A Queensland Police ad campaign to stop people calling Triple-0 unnecessarily has been pulled offline just one hour after it went live.
QPS launched its ad campaign on Thursday hoping to stop people calling Triple-0 unless it’s in the case of an emergency by offering alternatives, such as online reporting for less urgent issues.
The advertisement shows a man named “Dan” who is the “world’s worst decision maker”.
Throughout the ad, Dan makes “bad choices” such as wearing a flimsy toupee and eating expired sushi. It also references Dan’s “three failed marriages”.
But it also shows Dan making the "right decision" by contacting Policelink online “instead of tying up Triple-0”, to complain about noisy neighbours.
The video was posted to social media on Thursday at 9am but was pulled at 10am, The Australian reported.
There was also meant to be a campaign launch on Thursday, which was also scrapped.
Shadow Police Minister Dale Last told NCA NewsWire the ad is “an absolute embarrassment”.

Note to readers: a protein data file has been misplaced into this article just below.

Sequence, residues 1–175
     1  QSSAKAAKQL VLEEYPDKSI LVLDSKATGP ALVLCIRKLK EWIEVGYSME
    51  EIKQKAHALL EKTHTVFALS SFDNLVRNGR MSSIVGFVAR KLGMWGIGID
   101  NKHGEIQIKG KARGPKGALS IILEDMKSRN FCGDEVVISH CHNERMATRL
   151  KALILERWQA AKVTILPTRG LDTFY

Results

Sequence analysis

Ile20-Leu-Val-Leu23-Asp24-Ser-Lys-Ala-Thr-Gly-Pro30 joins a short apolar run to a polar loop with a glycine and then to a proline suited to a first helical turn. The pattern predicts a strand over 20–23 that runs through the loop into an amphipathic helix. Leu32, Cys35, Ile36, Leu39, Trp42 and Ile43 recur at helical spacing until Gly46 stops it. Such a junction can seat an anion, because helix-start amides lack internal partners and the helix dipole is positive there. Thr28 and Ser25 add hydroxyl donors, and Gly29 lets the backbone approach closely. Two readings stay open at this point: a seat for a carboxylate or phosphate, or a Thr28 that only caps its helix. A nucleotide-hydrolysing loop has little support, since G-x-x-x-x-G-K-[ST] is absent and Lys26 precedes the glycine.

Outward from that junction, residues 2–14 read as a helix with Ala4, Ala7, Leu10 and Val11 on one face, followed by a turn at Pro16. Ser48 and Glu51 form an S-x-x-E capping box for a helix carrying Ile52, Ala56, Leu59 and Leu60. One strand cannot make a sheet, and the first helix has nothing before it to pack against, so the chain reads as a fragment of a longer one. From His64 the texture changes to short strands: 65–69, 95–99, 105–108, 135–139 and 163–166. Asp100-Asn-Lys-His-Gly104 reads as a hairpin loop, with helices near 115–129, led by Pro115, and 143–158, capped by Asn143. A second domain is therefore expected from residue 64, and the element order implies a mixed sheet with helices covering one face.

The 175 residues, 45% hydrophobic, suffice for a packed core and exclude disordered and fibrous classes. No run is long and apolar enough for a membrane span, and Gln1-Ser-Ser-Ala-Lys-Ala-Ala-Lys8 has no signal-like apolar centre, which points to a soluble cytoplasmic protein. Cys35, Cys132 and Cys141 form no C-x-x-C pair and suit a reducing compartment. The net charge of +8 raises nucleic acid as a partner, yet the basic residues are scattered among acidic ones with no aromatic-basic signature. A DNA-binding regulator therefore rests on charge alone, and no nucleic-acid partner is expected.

“What a waste of taxpayers’ money,” he said.
Mr Last compared the police ad to the Federal Government’s widely-panned consent campaign which featured a teenage girl smearing a milkshake on a boy’s face.
There were also concerns about Dan’s failed marriages being a link to domestic violence and the ad not taking such an issue seriously.
Advertisement pulled, re-edited
In a statement, Queensland Police said the ad was pulled and will be re-edited.
“The decision to re-edit the video was taken as the QPS did not want a reference to failed marriages being misconstrued to suggest a link to domestic and family violence,” police said.
“There was no reference to domestic and family violence or a suggestion within the video that any of the failed marriages occurred due to domestic and family violence.”
The ad cost $40,000 to make and will now cost an additional $5000 to re-edit.
Police said it was a “light-hearted approach” to how people should use Triple-0 appropriately.
QPS receives more than 734,500 calls to Triple-0 annually but said of “concern” was that more than 674,000 of those calls could have been made through other reporting avenues.
The campaign will be re-launched at a later date.
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